In economics, trade and migration are likely, in theory, to have similar impacts. In both cases, the overall impact will be positive, but there will be distributional consequences.
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Mark Harrison responds to John Aziz's piece 'in defense of protectionism'.
Examining why certain jobs go abroad and others stay at home.
It's possible that a society of educated people is likely to be more cultured and scientific-minded than one of non-graduates, and this should have positive externalities in the form of better political discourse and higher culture. There is, however, little evidence of this in practice.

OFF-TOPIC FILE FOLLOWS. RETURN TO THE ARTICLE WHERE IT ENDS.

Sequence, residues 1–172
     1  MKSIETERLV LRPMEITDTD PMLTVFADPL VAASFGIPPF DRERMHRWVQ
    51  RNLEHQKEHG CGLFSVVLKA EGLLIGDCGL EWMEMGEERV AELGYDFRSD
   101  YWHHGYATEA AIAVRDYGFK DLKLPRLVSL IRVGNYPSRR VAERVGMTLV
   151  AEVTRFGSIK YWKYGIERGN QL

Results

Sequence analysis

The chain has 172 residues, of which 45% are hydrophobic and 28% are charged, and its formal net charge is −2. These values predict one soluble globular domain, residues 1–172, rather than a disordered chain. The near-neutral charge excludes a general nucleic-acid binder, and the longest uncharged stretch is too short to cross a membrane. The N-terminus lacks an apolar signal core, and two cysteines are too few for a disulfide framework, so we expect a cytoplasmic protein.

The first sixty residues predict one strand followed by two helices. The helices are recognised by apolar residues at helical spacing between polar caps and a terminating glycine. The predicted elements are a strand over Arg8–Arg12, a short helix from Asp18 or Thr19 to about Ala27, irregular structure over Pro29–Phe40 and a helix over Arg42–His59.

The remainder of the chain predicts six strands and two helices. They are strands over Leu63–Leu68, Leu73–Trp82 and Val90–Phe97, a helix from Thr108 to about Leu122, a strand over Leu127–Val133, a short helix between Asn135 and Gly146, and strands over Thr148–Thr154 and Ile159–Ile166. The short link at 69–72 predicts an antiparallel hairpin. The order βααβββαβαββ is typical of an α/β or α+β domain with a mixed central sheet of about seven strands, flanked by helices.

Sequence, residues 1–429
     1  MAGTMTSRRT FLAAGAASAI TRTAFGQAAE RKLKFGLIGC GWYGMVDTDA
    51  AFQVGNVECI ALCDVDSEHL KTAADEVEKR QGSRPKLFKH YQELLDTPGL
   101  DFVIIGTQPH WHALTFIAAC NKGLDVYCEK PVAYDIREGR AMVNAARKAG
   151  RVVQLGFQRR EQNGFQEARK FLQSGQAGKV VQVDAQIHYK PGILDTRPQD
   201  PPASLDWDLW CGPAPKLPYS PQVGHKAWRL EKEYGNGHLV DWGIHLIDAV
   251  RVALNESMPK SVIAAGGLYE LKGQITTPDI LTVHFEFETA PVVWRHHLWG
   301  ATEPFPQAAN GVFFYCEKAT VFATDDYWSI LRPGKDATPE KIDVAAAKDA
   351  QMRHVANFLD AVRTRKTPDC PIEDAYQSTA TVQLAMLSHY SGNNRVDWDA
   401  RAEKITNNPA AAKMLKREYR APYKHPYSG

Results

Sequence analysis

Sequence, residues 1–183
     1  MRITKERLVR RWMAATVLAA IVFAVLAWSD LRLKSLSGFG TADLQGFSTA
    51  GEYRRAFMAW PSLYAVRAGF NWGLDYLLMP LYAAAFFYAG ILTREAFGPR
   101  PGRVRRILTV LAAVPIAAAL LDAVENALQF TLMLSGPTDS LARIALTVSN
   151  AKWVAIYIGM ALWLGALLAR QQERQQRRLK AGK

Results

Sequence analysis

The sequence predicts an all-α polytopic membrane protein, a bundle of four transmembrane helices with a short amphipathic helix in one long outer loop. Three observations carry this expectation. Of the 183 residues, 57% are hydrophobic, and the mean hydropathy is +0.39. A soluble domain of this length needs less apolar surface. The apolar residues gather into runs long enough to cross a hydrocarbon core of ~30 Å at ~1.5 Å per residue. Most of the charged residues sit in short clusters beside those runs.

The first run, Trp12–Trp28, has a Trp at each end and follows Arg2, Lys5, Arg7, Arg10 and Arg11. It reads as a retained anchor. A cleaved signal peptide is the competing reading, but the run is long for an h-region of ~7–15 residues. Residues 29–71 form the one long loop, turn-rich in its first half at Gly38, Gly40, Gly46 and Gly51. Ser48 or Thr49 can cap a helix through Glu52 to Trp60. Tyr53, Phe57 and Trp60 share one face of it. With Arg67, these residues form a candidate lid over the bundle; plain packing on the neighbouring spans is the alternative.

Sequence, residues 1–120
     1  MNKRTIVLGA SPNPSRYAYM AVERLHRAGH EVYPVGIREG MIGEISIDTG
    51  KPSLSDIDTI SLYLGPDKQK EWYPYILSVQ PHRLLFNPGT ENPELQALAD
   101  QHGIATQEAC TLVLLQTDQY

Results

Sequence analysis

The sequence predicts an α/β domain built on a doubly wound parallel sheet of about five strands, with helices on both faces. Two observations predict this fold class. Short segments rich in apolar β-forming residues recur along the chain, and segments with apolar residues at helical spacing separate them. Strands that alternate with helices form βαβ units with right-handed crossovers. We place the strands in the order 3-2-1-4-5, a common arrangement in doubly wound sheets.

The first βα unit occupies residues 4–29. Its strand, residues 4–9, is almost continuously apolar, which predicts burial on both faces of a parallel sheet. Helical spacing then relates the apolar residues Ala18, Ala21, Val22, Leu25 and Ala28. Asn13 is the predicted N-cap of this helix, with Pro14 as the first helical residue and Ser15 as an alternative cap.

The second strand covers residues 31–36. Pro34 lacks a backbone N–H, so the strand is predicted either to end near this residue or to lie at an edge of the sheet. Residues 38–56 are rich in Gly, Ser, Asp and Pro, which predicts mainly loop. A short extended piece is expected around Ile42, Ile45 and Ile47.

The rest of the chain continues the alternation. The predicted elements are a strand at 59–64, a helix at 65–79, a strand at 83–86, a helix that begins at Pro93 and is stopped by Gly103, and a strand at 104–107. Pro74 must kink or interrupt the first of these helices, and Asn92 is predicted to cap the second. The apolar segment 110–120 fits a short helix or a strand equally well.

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UK banks are wholly different to the businesses they were before the credit crisis - http://t.co/PfRdZkwCOi
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